To shave run and swim times, or increase the number of punches, pushups, pull ups, or to last longer in any sport – you must train sport specific with repetitive conditioning – not muscle building with heavy lifting. A lot of guys showed up at BDO (Basic Dive School) looking buff and able to bench press 300 pounds, but most hadn’t trained specifically for the exercises on the SEAL/Diver PRT (physical readiness test) so they couldn’t max out the test. And that test was the sole measure of our physical prowess – at least in the beginning. I on the other hand had trained two years specifically for those exercises so I naturally got quite good at them, as anyone would. I easily maxed out every phase of the test. (Actually did 140 more pushups than required for max, 33 more pull ups over max, and swam 3 minutes under the perfect score) I wasn’t buff, quite the opposite and couldn’t bench press 300 pounds to save my life – but I was highly conditioned for those specific exercises. Those exercises were are all conditioning exercises – NOT heavy strength exercises. If you want to build up your stamina, numbers or decrease times, you have to be sport specific with repetitive conditioning.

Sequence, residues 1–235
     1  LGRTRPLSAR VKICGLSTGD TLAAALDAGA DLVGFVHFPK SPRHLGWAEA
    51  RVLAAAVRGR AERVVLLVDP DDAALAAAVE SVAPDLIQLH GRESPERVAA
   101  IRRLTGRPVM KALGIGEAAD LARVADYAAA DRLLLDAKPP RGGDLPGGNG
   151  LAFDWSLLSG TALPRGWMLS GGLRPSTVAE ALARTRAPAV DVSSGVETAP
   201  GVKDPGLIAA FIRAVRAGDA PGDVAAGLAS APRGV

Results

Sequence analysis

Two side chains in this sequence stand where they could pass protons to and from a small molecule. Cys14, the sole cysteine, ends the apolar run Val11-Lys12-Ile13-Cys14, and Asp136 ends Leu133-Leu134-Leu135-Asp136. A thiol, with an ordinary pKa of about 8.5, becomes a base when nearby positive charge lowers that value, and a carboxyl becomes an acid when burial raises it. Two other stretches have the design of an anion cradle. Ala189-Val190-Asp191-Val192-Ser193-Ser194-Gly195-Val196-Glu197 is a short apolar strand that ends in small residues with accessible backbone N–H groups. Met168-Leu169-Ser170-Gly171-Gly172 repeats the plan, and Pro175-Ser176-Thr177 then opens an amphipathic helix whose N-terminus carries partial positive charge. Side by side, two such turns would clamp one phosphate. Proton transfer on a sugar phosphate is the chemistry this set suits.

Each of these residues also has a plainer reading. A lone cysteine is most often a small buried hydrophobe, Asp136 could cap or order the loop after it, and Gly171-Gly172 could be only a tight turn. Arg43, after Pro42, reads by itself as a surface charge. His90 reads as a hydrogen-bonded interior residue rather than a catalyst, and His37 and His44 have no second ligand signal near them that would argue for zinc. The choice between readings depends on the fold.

Here’s how a trained for pull ups: Three times a week I conducted 10 sets of pull ups at 30 second intervals, trying for 10 sets of 10. Of course it started out looking more like 10-10-7-5-4-3-3…etc. But after a few months I could knock out 10 sets of 10 then I shot for 10 sets of 11, then 10 sets of 12. IF YOU NEED TO GET CONDITIONED FOR SOMETHING – don’t confuse muscle building with conditioning. (Muscle building is about muscle isolation) They’re two different animals, but I believe one should always train for both – why not look good, build strength and perform well.